How does it happen?
The condition seems to occur in response to irritation, pressure or injury to one of the digital nerves that lead to your toes. The growth of thickened nerve tissue (neuroma) is part of your body’s response to the irritation or injury.
How does it feel?
Morton’s neuroma causes a burning pain in the ball of your foot that may radiate to your toes. You may notice some tingling in your toes. At first, the pain may worsen when you wear tight or narrow shoes or engage in activities that place pressure on your foot.
What should you do?
If you have or suspect you have a Morton’s neuroma, you should consult a podiatrist at Performance Podiatry
& Physiotherapy. They can assist in diagnosing the problem and establishing its severity. From this, an appropriate treatment plan will be developed.
What shouldn’t you do?
You shouldn’t ignore the problem. If you don’t seek treatment, it is likely to get worse. Avoid wearing tight or narrow shoes and carrying out activities that place pressure on your foot.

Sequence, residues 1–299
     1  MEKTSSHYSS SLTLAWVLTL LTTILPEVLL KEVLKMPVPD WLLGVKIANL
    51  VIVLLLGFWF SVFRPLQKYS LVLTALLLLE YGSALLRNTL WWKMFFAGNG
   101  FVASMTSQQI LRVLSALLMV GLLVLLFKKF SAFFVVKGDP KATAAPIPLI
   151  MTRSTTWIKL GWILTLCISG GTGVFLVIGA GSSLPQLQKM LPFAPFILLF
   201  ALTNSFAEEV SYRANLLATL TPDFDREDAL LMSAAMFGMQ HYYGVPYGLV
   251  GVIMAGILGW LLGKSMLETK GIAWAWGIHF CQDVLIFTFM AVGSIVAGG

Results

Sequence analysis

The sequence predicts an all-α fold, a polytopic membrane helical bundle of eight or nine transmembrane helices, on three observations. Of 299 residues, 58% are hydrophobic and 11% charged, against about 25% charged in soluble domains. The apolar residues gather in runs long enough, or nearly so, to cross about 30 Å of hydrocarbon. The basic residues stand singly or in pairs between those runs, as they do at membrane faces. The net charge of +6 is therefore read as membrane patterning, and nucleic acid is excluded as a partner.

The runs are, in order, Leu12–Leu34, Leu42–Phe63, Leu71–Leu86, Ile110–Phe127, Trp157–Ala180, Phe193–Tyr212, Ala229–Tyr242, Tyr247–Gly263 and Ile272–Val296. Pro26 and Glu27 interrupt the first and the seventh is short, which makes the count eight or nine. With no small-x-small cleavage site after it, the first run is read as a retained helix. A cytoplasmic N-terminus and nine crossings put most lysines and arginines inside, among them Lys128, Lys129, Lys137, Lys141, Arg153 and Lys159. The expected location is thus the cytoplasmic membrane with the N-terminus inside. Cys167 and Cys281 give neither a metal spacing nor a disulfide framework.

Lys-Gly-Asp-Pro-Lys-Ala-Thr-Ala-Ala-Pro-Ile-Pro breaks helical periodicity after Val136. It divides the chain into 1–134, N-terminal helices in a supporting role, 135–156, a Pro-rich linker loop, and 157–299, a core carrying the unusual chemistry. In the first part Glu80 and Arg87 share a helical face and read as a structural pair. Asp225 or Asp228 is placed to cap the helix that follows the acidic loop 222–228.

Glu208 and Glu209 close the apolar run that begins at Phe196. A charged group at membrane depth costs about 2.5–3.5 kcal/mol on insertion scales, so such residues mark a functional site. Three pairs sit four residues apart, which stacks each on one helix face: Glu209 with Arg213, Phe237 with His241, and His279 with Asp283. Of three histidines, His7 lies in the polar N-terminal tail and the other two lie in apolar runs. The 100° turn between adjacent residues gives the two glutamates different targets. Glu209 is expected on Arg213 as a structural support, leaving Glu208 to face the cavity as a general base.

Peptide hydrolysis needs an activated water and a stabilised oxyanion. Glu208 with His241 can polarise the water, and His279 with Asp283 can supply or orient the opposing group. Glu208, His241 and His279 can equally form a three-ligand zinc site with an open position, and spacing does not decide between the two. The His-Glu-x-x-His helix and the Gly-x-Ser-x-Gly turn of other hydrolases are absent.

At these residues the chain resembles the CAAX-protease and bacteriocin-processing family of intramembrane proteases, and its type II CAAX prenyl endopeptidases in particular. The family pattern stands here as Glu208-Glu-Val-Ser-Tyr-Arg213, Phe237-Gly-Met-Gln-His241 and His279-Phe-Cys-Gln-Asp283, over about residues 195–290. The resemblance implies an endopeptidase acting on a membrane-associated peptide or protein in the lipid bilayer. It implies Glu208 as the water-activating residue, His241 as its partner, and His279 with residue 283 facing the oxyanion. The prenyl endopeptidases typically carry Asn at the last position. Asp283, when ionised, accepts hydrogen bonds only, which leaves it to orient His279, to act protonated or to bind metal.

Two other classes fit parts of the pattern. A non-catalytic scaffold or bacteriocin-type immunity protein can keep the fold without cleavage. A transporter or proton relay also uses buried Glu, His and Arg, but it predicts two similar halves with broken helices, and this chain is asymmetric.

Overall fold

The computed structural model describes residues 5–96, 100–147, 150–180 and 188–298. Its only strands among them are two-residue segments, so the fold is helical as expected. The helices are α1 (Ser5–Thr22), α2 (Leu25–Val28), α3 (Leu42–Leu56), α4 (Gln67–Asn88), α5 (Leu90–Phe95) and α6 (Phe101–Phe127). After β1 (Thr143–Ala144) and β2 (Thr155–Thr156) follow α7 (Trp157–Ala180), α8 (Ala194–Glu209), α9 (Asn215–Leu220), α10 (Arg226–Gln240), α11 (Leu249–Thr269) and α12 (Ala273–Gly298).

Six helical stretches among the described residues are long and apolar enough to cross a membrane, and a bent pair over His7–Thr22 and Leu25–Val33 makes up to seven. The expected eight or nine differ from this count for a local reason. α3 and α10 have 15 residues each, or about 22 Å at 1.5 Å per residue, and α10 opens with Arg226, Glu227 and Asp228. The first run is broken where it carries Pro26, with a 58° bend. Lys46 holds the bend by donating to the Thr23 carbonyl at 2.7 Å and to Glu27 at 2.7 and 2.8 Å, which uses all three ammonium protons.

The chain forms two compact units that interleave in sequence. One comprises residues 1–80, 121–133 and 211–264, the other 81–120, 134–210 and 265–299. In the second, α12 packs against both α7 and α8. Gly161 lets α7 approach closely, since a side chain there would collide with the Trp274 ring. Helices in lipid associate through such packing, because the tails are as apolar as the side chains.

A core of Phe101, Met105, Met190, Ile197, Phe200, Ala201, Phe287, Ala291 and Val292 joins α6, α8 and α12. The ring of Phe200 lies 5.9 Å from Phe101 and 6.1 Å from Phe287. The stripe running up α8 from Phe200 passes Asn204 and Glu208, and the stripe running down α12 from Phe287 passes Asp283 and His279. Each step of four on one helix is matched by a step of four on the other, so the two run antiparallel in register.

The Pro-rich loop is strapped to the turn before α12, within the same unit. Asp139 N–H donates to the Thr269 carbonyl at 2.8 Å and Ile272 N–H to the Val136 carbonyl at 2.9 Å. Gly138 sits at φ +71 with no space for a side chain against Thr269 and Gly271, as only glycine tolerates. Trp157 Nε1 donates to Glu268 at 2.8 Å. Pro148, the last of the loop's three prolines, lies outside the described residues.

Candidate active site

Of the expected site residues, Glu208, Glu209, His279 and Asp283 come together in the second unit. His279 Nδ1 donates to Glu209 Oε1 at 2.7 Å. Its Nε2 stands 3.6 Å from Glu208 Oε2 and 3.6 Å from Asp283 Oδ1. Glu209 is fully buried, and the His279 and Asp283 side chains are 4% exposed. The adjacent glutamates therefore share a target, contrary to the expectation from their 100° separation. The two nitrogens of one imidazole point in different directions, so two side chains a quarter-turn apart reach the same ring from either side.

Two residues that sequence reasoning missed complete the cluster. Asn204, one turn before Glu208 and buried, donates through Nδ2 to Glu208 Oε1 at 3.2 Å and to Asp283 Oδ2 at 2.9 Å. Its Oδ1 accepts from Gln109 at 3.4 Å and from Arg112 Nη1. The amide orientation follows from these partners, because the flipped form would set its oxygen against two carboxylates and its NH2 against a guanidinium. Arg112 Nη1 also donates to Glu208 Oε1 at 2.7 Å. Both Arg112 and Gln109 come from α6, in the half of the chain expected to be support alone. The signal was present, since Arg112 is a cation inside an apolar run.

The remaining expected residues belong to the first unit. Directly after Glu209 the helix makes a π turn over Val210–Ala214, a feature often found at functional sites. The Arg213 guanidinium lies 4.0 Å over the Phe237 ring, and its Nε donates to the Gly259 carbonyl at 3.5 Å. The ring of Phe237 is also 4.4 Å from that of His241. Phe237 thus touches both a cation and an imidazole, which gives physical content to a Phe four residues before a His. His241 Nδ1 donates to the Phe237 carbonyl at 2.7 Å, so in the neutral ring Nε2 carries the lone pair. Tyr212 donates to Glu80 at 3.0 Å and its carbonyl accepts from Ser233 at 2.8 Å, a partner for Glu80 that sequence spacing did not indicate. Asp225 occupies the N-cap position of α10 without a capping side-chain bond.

How is the condition treated?
Initial therapies are nonsurgical and relatively simple. They can involve one or more of the following treatments:
- Changes in footwear. Avoid high heels or tight shoes, and wear wider shoes with lower heels and a soft sole. This enables the bones to spread out and may reduce pressure on the nerve, giving it time to heal.
- Orthoses. Custom shoe inserts and pads also help relieve irritation by lifting and separating the bones, reducing the pressure on the nerve.
- Injection. One or more injections of a corticosteroid medication can reduce the swelling and inflammation of the nerve, bringing some relief.